- Remember what you have - A shift in mindset is key. Tap into all the good things you have in life such as your friends, family, and so much more going for you! It might be a good idea to practice positive affirmations by keeping a journal.
- Practice self-care - skincare doesn’t need to be a chore! Better understanding your skin and mapping out your own personal self-care routine will not only improve your eczema, but also your mental wellbeing.
- Join the eczema community - we know sometimes people without eczema can seem a bit ignorant. You may have grown up hearing “just stop scratching!” or “is it contagious?”.Sometimes it’s good to talk to people who are in the same boat and understand what you’re going through. Whether through a Facebook group, an eczema convention, or online forum, start making friends with those who suffer from eczema.
Don’t Let Your Eczema Limit You!
When your body is not functioning at its prime, it’s only natural to feel stressed out. The key to managing our mental health is to overcome these initial stages of defeat and frustration and instead look at more positive ways we can learn to accept our skin. So how do you embrace life and find ways to do all things that bring you joy while also maintaining the health of your skin? You don’t want to stop doing all of your favourite activities for fear that you’re going to end up in an eczema flare.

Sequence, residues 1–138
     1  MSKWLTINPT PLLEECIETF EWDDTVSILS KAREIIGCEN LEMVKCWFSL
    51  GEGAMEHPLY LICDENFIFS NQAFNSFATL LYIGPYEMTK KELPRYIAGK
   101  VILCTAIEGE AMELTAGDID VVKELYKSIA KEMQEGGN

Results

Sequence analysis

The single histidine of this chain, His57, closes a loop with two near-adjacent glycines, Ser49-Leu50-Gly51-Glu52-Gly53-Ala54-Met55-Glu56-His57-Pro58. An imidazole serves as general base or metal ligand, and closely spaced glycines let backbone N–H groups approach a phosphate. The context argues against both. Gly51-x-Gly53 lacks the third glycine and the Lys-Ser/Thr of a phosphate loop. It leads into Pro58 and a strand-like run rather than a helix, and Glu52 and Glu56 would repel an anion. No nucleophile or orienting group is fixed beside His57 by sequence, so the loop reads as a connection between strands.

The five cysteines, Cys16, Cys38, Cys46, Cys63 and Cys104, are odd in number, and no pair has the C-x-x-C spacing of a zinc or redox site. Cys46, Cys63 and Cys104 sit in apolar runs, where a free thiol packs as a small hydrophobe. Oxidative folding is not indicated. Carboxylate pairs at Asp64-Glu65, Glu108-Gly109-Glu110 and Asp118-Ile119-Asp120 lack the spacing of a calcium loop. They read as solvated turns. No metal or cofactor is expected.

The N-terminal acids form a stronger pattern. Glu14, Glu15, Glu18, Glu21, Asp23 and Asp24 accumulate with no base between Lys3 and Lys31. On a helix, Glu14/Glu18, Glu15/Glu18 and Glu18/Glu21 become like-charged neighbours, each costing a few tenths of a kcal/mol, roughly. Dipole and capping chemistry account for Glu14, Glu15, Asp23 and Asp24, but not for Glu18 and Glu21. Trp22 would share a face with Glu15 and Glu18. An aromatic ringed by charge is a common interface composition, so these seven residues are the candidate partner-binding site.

ExerciseYes we know heat and sweat can sometimes leave your skin red, itchy and sensitive. But that doesn’t mean you should skip exercise! Physical activity can actually help your eczema in many ways including:
- Exercise lowers stress levels - one of the triggers of eczema flare ups
- Exercise makes your heart stronger and boosts your mood
- Exercise increases the blood flow closer to the skin’s surface, keeping it well-nourished and flushing out toxins from the cells
- Hydration is key - drink plenty of water before, during and after exercise to replace the water lost when exercising
- Wear light breathable clothing - it’s important to pay attention to the clothes you wear. Choose light, breathable and soft fabrics such as cotton that prevent the skin from getting too hot.
- Take regular breaks - give opportunities for your skin to cool down, rehydrate and recover, especially if you feel a flare up coming on. Listen to your body!